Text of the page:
Or as the poster above said, use an external.

    It all depends on how much data you need to have locally. I run a 100GB SSD right now as my main drive; but I have a 750GB in the second bay. I can't run just SSD unless it is 500 GB or more.
     
  8. zcast macrumors newbie

    Joined:
    Feb 24, 2011
    #8
    One of the options I pondered long and hard when I made my purchase of my 17" MBP today was the HDD. I ended up going with a 256GB SSD and here's why.

    Originally I was going to just take the stock drive and purchase a 256GB SSD of Newegg and swap it out. That way I can throw the HDD in an enclosure and gain an external drive in the process. The problem I was having was the $$$ pricetag of the 256GB over the 128GB. Knowing the 128GB would be pushing it on space I would need, I knew if I went that way I would need another SSD in there eventually to give me the space I required. The price difference between the 128GB SSD and the 256GB SSD was about $350 (education discount). So after researching it, the option to install another 128GB SSD in the Optical Drive Bay was going to cost me the same ($99 for the Opti Bay Adpater, $250 for a 128GB SSD). So I fronted the money and opted to just get the Apple supplied 256GB SSD instead. I still get the Superdrive if I ever use it, and further down the road I can always throw in another SSD if I wanted to. At least I know I have all the space I need from the start and the rest is fluff in case I need it. I also have the peace of mind that if anything were to go wrong, it's all covered with Applecare without me having to swap my aftermarket drive out.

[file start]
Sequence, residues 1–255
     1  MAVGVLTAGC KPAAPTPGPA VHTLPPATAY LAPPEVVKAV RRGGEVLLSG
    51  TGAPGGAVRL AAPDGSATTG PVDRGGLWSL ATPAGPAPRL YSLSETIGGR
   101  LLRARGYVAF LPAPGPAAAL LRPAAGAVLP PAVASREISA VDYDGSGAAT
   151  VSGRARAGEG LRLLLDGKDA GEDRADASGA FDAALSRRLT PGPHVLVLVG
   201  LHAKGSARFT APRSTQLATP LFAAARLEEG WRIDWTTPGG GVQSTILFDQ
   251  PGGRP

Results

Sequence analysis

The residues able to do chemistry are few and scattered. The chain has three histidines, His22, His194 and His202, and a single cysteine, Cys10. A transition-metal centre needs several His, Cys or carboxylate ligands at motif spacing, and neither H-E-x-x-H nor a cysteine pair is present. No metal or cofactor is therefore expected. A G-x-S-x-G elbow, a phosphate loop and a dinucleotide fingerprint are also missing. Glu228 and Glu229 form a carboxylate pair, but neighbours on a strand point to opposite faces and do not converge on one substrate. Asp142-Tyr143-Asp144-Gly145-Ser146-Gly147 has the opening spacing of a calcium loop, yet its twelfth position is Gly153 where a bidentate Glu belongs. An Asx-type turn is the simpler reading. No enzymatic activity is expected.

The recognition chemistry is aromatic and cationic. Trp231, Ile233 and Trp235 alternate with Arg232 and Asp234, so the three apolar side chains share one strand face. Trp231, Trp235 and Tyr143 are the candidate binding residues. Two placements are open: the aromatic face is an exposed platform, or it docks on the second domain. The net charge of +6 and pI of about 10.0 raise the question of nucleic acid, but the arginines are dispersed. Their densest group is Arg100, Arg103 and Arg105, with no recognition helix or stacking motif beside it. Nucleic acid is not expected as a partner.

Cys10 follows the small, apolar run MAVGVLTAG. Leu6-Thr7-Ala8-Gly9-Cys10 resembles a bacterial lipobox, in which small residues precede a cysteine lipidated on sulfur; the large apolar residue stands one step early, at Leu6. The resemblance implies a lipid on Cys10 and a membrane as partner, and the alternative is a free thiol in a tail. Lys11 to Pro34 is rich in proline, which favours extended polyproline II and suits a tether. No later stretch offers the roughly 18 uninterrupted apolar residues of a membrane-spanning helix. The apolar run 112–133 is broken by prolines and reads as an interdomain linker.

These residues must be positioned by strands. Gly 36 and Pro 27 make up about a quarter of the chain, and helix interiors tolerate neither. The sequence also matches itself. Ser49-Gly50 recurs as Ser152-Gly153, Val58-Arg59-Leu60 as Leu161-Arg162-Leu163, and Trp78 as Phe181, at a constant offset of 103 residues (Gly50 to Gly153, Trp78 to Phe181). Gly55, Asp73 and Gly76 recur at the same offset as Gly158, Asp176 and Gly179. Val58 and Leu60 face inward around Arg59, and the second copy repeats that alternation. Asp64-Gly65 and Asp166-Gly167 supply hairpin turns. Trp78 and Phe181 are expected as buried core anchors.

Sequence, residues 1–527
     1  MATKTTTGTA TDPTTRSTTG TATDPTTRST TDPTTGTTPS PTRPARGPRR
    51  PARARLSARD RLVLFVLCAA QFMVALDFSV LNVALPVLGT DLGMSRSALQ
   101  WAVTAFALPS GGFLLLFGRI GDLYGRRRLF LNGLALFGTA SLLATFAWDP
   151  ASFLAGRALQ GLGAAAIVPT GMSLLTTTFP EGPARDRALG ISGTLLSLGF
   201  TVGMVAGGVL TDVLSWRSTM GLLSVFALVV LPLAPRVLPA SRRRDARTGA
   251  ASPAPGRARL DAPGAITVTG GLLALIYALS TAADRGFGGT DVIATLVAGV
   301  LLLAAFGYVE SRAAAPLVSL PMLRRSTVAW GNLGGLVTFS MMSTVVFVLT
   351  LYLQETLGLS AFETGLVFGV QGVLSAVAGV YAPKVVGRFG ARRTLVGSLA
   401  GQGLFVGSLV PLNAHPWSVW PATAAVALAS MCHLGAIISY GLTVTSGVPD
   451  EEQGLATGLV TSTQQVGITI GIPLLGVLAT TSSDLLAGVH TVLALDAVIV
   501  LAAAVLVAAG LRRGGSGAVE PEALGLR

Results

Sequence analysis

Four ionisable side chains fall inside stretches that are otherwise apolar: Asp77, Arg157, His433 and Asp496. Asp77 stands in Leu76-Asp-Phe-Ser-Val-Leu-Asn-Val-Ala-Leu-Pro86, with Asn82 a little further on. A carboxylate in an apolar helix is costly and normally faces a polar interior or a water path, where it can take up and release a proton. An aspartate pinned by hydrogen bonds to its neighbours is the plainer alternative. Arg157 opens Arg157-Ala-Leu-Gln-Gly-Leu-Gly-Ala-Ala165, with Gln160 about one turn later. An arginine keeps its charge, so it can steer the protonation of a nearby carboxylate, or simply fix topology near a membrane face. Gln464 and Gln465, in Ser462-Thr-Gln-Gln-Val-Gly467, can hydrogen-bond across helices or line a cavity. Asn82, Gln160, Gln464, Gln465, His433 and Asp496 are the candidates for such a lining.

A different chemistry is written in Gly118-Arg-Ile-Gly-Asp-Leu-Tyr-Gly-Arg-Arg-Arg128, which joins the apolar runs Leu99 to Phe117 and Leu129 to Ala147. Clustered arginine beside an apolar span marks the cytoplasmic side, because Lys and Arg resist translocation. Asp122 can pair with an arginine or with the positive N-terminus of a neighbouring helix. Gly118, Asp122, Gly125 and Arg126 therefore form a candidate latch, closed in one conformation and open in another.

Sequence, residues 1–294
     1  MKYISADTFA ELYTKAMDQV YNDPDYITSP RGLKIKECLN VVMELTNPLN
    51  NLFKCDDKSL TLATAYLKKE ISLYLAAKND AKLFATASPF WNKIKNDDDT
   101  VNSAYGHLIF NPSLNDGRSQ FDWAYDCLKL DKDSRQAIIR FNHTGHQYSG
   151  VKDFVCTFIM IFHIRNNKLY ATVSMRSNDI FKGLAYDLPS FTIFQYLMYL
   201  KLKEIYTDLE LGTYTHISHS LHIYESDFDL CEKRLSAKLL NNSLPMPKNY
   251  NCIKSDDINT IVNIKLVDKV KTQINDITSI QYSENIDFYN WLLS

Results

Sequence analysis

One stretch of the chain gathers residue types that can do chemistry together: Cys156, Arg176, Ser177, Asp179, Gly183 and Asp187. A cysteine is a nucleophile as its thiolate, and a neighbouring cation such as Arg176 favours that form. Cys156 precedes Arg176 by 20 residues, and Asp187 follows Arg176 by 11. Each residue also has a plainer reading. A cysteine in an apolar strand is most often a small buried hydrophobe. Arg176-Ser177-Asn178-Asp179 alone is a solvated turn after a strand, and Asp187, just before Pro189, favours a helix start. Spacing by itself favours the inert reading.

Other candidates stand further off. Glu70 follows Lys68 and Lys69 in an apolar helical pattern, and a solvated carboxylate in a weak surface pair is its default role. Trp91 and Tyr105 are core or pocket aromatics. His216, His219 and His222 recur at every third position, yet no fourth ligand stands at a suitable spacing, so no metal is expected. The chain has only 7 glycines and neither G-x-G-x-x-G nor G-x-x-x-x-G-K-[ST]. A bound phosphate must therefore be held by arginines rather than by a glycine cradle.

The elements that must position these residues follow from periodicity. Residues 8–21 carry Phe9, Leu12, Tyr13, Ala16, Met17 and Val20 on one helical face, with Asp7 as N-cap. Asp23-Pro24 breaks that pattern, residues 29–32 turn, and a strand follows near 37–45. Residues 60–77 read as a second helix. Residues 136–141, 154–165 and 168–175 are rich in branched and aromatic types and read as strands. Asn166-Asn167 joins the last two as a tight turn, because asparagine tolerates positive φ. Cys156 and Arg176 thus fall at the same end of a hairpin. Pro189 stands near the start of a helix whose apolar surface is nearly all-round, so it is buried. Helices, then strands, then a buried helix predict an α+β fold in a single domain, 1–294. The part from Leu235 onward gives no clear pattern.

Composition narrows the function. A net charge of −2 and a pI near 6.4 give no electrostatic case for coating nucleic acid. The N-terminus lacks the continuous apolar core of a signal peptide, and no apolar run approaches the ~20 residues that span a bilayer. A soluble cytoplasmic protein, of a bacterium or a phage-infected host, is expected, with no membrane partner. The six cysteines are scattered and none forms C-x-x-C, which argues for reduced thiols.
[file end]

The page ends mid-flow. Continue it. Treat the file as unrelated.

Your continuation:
I truly believe with the processors Apple has thrown into these machines, the bottleneck with surely be the HDD. 4GB of ram is still more than enough for OSX and almost every "everyday" app. I did upgrade to the 8GB solely because I do a lot of CAD drawing and 3D rendering and in my case, it does make a difference.

    -Z
     
  9. hokiepokie07 thread starter macrumors 6502a

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    Jun 20, 2009
    #9
    ok - so is it worth going from a 2.0 ghz to 2.3? I don't do much gaming on my laptop.

    I'm a teacher, so I do use it for programs for my students, but nothing like when I was in college and used it to video edit.

    Should I just stick with 2.0, 128 SSD, 4 GB?

    Or, go for the 2.0 & 8 GB?

    Or, even go for 2.2 GHZ & 8 GB?

    Thanks.
     
  10. hokiepokie07 thread starter macrumors 6502a

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    Jun 20, 2009
    #10
    Last, for everyday viewing, what it be better to get the Glossy screen over the anti-glare so my graphics, videos, pictures, etc. look better?
     
  11. Grouchy Bob macrumors regular

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    #11